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Content Marketing VampiresOctober is a frightening month – from ending on Halloween, to marking the beginning of Q4, it’s 31 days of pure terror.  Not only are you hectically hurrying to close out the year on a good note, you’re also pressured to produce your budgeted marketing plan for the year to come. It can often feel like the month itself is draining your very life force… but maybe it’s not just the month. Maybe, you have something stalking you from the shadows… Maybe something is steering you down dark paths you’d normally avoid… Maybe… you have a vampire in your midst, and nowhere would it be more apparent, than in your content.

Your content, you see, is a reflection of the lifeblood of your organization. It carries all the qualities, characteristics, and attributes that make your organization unique and valuable to your target audience. Certain dark forces, however, can eat away and this energy in your content. These marketing vampires can manifest themselves in multiple forms, so to swiftly slay these evil spirits, here are 5 of the most common vampire varieties along with their most effective weaknesses.

Content Marketing VampiresThe Count of Content Counting:

Are you afraid of never having enough content? Are you tirelessly turning out asset after asset as if you’re compelled to feed the beast of content marketing? You could be falling victim to the Count of Content Counting. This vampire plays off the tendency to produce high quantities of content verses focusing on high quality content. As content marketing research shows, 92% of marketers report that producing high quality content is either valuable or very valuable to their organizations, but only 54% report being effective or very effective at producing it. This execution gap often arises when demands for volume drain the effectiveness of delivering value. If you feel like the content you’re creating is just another brick in the wall, or another asset on the list, that content won’t carry the necessary life or excitement to be compelling to your audience. To combat the Count of Content Counting establish your own personal stake in the content you create – things that make you proud or excited about creating it. If your content isn’t just another number to you, it won’t be just another number to your audience either, and the Count of Content Counting loses all its power.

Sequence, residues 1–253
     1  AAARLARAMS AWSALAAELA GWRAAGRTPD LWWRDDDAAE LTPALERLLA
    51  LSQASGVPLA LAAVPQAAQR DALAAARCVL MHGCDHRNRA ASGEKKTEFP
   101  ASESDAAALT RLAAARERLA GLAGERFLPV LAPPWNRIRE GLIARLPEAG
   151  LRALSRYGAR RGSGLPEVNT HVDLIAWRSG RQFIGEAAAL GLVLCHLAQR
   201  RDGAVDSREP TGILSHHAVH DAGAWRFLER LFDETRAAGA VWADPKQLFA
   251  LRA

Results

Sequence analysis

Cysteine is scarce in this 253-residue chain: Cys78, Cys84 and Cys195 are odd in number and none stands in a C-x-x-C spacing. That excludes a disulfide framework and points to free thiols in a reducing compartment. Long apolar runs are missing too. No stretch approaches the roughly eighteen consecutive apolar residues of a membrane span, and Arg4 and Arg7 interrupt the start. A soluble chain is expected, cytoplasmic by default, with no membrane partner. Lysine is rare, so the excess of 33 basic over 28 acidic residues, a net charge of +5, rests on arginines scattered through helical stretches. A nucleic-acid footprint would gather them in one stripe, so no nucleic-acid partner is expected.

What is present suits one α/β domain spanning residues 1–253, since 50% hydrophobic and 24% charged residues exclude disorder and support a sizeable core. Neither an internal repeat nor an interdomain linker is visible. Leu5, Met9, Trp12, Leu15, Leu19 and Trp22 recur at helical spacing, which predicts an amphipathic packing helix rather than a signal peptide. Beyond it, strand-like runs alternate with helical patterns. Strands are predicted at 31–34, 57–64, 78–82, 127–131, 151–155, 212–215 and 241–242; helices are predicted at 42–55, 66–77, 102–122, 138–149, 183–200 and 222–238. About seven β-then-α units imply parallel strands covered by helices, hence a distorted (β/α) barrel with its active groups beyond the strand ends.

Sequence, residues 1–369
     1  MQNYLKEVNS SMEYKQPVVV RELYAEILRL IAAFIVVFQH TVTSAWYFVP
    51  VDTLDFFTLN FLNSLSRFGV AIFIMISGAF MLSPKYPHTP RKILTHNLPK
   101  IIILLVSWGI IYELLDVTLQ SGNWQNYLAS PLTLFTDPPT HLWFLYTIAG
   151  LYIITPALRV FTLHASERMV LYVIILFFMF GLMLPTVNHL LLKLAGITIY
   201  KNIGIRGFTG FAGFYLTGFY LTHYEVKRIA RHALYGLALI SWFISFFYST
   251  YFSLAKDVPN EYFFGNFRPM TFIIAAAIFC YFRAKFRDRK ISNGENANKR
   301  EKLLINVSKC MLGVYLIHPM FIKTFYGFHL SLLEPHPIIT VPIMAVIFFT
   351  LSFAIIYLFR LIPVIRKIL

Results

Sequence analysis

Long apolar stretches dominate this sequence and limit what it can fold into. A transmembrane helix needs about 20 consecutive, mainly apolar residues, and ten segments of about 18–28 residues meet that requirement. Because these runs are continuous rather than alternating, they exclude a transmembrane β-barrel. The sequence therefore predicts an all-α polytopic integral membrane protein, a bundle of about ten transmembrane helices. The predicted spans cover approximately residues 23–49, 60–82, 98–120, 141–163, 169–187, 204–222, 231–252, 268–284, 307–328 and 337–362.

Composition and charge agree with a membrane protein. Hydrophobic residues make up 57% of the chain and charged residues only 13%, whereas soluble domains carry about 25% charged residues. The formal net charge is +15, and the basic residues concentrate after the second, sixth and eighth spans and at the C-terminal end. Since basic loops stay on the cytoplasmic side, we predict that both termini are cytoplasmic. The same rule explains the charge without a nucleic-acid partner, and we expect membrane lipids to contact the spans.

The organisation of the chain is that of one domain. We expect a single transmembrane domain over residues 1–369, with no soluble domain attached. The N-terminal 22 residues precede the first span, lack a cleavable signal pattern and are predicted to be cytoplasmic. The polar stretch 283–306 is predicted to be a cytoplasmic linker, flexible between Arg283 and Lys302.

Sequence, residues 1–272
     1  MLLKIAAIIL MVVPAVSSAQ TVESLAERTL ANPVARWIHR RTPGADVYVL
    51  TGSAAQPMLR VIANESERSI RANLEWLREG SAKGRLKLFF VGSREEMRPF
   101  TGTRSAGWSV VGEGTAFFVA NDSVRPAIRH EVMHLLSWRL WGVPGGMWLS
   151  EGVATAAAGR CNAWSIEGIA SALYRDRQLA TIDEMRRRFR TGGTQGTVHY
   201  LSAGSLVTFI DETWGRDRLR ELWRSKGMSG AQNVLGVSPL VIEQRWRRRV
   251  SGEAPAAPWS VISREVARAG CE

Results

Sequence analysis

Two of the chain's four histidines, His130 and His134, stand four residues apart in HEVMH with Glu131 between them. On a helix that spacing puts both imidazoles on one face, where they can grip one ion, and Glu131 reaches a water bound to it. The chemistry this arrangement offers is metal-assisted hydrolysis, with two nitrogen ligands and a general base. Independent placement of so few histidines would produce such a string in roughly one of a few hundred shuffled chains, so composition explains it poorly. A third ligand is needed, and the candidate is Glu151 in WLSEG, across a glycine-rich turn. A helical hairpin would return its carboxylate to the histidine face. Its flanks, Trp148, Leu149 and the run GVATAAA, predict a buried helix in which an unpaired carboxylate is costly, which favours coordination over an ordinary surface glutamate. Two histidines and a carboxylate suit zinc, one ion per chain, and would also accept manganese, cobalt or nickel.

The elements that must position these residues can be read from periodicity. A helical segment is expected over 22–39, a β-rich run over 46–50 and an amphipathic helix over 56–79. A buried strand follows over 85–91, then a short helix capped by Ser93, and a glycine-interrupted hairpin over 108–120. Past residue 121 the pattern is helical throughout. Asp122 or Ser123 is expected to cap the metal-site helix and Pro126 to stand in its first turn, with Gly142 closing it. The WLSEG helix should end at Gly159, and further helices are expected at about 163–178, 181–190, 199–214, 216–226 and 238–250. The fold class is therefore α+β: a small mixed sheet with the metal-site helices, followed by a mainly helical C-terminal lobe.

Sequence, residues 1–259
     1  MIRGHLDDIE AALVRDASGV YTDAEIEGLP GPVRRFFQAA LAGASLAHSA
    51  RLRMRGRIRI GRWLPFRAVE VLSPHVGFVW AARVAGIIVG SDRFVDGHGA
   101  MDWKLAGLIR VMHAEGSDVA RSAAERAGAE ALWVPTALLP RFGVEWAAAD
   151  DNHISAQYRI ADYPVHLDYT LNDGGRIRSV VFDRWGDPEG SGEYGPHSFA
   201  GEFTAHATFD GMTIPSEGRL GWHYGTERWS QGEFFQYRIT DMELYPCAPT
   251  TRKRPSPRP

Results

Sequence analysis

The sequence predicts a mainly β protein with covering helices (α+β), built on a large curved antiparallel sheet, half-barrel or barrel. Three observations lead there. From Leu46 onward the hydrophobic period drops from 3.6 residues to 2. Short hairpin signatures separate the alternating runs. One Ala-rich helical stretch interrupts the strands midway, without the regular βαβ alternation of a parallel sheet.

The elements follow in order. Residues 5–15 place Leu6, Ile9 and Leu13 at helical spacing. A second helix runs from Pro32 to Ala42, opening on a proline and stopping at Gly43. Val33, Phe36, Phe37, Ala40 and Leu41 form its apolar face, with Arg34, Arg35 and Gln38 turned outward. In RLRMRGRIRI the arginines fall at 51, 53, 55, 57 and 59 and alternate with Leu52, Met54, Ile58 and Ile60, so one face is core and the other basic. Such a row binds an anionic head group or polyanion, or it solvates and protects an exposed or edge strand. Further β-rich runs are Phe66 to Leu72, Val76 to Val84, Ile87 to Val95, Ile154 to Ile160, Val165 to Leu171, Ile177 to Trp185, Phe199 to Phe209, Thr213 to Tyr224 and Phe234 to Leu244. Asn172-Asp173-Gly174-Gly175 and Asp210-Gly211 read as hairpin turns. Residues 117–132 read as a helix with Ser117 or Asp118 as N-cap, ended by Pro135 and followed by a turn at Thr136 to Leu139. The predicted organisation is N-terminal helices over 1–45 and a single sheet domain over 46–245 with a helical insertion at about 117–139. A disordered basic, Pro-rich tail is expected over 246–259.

The Trend Temptress Content VampireThe Trend Temptress:

Certain forms of content are best suited to serve certain functions. You wouldn’t normally want to use an infographic, for example, as the final push to compel a purchase decision, just as you wouldn’t want to try to gain top-funnel attention through a 30 page product implementation eBook. However, when trends in content marketing lure you away from aligning the right content to serve the right objective, you can easily lose faith in content marketing as a whole. Research shows aligning content to specific stages of the buyer’s journey yields 73% higher average conversion rates, as opposed to not doing so, and the Trend Temptress is exactly the kind of monster that would trick you into being on the wrong side of that differential.  To take out the Trend Temptress, be sure the content you’re creating is aligned to a specific goal, and if it follows a popular trend, great, but if it doesn’t, have confidence that it’s still the right decision.